Grange-over-Sands – a guide for visiting this lovely Edwardian town in 2023

Grange-over-Sands is set in an ideal location between the Lake District fells and Morecambe Bay, but if often overlooked as a place to visit. But we think this charming town, which still retains an Edwardian appearance, is well worth a look if you're in the area. We wanted to highlight some of the best things to see and do in Grange-Over-Sands for 2023, let's get into the guide:

The Promenade

This promenade which stretches from Grange railway station for around 1 mile is lovely for a stroll. Known as "The Prom", the path takes you from Grange-over-Sands to the Morecambe Bay estuary and is a lovely way to take in the local scenery of the bay and across to the Dales. If you're a fan of birdwatching then you'll likely have the chance to spot some birds as you walk along the promenade, and if you're lucky they might be rare such as White Storks or White-tailed Eagles. If you're staying in Grange-Over-Sands for a few days and you like to get a morning run in, you can't do much better than a jog down the Promenade. The real standout aspect of this promenade for many people is the plantlife dotted along the path, which is vibrant and colourful.
You can access the promenade from a number of locations across the town, learn more here -

Visit the Railway Station

This railway station has been restored to its former Victorian grandeur and is well worth a visit, particularly if you're a railway or architecture geek. It is situated on the Furness Line and offers direct access to and from Manchester Airport, so it can get quite busy for a small town railway station. The restoration is impressive and the station was awarded 'Heritage Station of the Year' in 2012. Learn more here -

Ornamental Gardens

If you're a fan of a leisurely stroll then a visit to the Ornamental Gardens is absolutely worth your time. The first thing you'll be struck by when you visit the Gardens is the amazing colours from the amazing variety of plants and trees on display, which rivals any botanic garden we've ever visited (the tulips are especially pretty). The other aspect of the park you'll immediately notice is a large number of ducks and swans, including many rare ducks which you won't find anywhere else in this part of the country, including Carolina Wood Ducks and the Mandarin Ducks which are sure to delight bird enthusiasts.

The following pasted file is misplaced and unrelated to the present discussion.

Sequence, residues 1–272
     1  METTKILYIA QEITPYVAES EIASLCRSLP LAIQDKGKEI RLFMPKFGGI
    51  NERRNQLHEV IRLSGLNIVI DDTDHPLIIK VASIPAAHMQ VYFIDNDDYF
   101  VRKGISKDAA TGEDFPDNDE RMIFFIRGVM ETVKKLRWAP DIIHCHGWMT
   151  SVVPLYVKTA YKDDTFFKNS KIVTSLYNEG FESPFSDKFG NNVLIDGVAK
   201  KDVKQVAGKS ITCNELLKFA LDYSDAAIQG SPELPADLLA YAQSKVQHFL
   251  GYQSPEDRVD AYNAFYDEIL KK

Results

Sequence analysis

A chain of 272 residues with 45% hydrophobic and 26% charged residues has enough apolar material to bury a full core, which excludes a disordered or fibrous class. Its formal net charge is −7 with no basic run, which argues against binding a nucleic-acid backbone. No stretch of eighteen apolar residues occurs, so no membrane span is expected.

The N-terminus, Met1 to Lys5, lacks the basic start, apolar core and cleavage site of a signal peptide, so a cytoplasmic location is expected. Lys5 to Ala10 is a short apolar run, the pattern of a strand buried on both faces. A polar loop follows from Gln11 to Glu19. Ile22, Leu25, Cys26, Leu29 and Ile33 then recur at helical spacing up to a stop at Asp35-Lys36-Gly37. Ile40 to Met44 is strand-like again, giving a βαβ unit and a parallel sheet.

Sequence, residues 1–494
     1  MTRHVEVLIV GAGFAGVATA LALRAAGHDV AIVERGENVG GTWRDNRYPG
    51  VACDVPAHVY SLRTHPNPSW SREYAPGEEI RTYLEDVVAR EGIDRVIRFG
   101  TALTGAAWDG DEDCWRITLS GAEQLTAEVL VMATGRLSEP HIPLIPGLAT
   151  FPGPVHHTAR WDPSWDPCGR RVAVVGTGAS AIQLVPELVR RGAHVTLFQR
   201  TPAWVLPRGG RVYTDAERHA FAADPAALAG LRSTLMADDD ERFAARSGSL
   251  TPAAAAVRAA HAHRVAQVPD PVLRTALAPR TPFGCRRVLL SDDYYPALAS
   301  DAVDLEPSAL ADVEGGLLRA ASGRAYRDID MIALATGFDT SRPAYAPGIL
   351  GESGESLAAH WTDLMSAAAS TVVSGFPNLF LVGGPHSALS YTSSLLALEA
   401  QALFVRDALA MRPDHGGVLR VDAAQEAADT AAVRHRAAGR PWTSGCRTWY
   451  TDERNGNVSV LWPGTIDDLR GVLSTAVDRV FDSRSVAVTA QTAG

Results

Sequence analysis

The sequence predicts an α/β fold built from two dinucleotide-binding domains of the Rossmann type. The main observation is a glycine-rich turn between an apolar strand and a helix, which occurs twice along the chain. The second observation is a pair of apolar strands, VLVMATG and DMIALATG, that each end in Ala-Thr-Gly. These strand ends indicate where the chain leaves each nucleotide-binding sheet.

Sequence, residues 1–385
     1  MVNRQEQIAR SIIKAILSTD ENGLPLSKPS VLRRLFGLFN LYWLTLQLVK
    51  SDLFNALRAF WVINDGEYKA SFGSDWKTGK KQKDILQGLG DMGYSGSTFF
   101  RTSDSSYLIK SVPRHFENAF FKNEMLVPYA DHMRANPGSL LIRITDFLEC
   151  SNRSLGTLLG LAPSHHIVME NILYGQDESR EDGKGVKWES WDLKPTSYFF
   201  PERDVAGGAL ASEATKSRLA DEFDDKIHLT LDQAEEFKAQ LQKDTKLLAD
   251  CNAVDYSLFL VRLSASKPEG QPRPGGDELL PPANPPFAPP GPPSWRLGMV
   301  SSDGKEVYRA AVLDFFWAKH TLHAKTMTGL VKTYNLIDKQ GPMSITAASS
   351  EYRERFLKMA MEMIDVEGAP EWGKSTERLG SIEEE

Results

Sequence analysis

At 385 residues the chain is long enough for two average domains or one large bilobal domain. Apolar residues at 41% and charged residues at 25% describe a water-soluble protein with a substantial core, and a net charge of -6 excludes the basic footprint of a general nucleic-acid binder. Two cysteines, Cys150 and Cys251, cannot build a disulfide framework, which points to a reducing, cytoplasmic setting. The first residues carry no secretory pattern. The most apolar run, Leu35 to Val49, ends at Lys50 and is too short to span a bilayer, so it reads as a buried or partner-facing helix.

Learn more here -

Hampsfell Hospice

Hampsfell Hospice was built in the 19th century by the vicar of Cartmel, and has provided shelter for travellers ever since. Just a half hour’s walk from Grange Over Sands, the Hospice is the place to head to if you're looking for amazing views of the area - from here you'll be able to see the Old Man of Coniston, Helvellyn, the Langdales, and Morecambe Bay. This is definitely a bit of a hidden gem and you could easily overlook it as we felt it wasn't particularly well signposted, plus getting up to it through Eggerslack Woods is quite steep, but we think it is well worth the effort. It can also get chilly up there so make sure you bring suitable clothing!

High Dam (and low dam)

This tarn is located above Finsthwaite, but is only a short distance from Grange Over Sands and well worth a look. If you're not sure what a tarn is, that's ok because neither were we! It's essentially just a lake.
You've got a number of trails to explore around High Dam, but to be honest we wouldn't get too hung up on following a specific trail. Instead, just enjoy a wander around as the scenery is gorgeous. If you're feeling brave then you can actually swim here too, but of course, be careful!
As beautiful as the High Dam itself is the walk to it from Stott Park Bobbin Mill, which is marked and takes you through lovely woodland and past the Low Dam first of all (which is arguably prettier than High Dam).
Low Dam is situated just beneath the much larger and more famous High Dam, the main source of water power for Stott Park Bobbin Mill situated further down the hill.